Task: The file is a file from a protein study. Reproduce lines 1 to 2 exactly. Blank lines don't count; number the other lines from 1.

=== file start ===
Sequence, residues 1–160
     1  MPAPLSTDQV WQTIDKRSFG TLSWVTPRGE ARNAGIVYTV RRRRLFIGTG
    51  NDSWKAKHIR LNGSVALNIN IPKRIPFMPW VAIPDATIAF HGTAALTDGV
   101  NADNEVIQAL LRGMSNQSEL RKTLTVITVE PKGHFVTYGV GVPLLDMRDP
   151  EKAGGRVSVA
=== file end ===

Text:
Sequence, residues 1–160
     1  MPAPLSTDQV WQTIDKRSFG TLSWVTPRGE ARNAGIVYTV RRRRLFIGTG